Poor indoor air quality (IAQ) is a real concern that can affect your health and comfort. It has been tied to symptoms like headaches, fatigue, dizziness, nausea, coughing, watery eyes, sneezing and congestion, as well as linked to chronic heart and lung problems.
Although the most effective way to improve IAQ is to eliminate or reduce specific sources of pollution, such as chemical cleaning products and flooring that off-gases, plants can help purify the air we breathe indoors.
According to a NASA study, efficient air cleaning may be accomplished with at least one plant per 100 square feet of space.
But while all plants filter out harmful volatile organic compounds (VOCs) in the air, they are not created equal. Some species are better indoor air cleaners than others. Here are three that do a great job of purifying the air we breathe. Just remember to keep them out of reach of children and pets as some plants and their parts can be toxic.
The peace lily removes the three most common VOCs — formaldehyde, benzene and trichloroethylene — from the air and can combat toluene and xylene. This beautiful evergreen plant is relatively easy to care for, enjoying medium to low light. It is far more tolerant of under watering than over watering and will show signs of drooping when it’s thirsty. Alternatively, check the soil once a week. If dry, water. When damp, wait.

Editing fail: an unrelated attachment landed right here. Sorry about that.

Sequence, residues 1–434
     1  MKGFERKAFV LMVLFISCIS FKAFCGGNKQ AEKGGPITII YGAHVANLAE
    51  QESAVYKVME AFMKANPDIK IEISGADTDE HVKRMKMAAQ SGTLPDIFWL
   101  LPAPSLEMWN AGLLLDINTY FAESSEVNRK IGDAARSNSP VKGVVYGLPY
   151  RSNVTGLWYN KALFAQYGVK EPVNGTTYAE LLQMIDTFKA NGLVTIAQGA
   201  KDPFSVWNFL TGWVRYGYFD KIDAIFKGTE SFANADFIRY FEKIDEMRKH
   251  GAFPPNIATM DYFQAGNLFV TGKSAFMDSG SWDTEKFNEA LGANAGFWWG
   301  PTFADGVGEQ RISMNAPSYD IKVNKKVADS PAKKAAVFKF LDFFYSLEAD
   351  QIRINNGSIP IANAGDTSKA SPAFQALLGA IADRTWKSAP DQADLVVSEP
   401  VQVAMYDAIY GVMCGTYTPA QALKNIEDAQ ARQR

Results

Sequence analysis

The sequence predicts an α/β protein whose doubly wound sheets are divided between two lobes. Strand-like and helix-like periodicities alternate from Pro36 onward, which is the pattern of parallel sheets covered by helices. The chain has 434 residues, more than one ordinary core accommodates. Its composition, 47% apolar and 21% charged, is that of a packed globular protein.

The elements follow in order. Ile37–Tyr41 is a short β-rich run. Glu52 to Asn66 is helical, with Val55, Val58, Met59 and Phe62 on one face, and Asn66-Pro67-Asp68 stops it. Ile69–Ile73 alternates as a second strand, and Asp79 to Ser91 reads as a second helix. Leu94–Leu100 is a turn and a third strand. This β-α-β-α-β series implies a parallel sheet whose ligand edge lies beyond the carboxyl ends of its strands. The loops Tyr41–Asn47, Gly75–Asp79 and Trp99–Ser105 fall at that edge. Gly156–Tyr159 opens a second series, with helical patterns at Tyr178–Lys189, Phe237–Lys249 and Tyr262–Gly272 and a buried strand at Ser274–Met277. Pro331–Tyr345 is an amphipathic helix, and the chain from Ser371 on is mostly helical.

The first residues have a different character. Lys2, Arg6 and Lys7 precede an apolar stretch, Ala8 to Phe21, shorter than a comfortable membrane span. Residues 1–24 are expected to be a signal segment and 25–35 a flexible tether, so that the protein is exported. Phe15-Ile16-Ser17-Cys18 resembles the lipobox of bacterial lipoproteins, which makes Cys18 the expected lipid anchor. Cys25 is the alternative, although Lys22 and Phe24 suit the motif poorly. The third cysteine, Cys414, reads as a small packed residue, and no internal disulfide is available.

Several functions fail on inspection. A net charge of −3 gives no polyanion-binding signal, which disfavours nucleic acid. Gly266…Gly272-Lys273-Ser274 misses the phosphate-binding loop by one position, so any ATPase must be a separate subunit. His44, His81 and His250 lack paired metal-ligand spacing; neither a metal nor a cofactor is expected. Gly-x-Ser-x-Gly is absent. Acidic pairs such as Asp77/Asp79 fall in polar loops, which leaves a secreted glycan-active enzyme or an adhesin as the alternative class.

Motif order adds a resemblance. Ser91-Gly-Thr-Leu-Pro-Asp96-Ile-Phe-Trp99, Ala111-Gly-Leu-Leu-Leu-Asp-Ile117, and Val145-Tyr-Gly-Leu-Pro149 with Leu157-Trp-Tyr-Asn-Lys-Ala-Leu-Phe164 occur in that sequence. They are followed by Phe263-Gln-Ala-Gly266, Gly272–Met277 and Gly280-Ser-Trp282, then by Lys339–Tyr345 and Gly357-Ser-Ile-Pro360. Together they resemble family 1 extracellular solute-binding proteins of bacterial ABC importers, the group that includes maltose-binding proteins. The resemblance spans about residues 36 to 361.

Bamboo palm is particularly effective at filtering out benzene and trichloroethylene. It’s also a good choice for placing around furniture that could be off-gassing formaldehyde. Just be sure not to put this plant in full sun if you want it to survive. It prefers part sun, though it can manage fine in full shade. Also, while bamboo palm likes to remain consistently moist, it doesn’t tolerate standing water. One to three waterings a week is ideal.
The spider plant’s rich foliage and tiny white flowers work hard to remove harmful air pollutants like benzene, formaldehyde, carbon monoxide and xylene. It is resilient, adaptable and easy to grow, thriving in indirect light. The spider plant dislikes soggy soil, so let it dry out slightly between waterings. Don’t be fooled by brown leaves as this may signal over watering.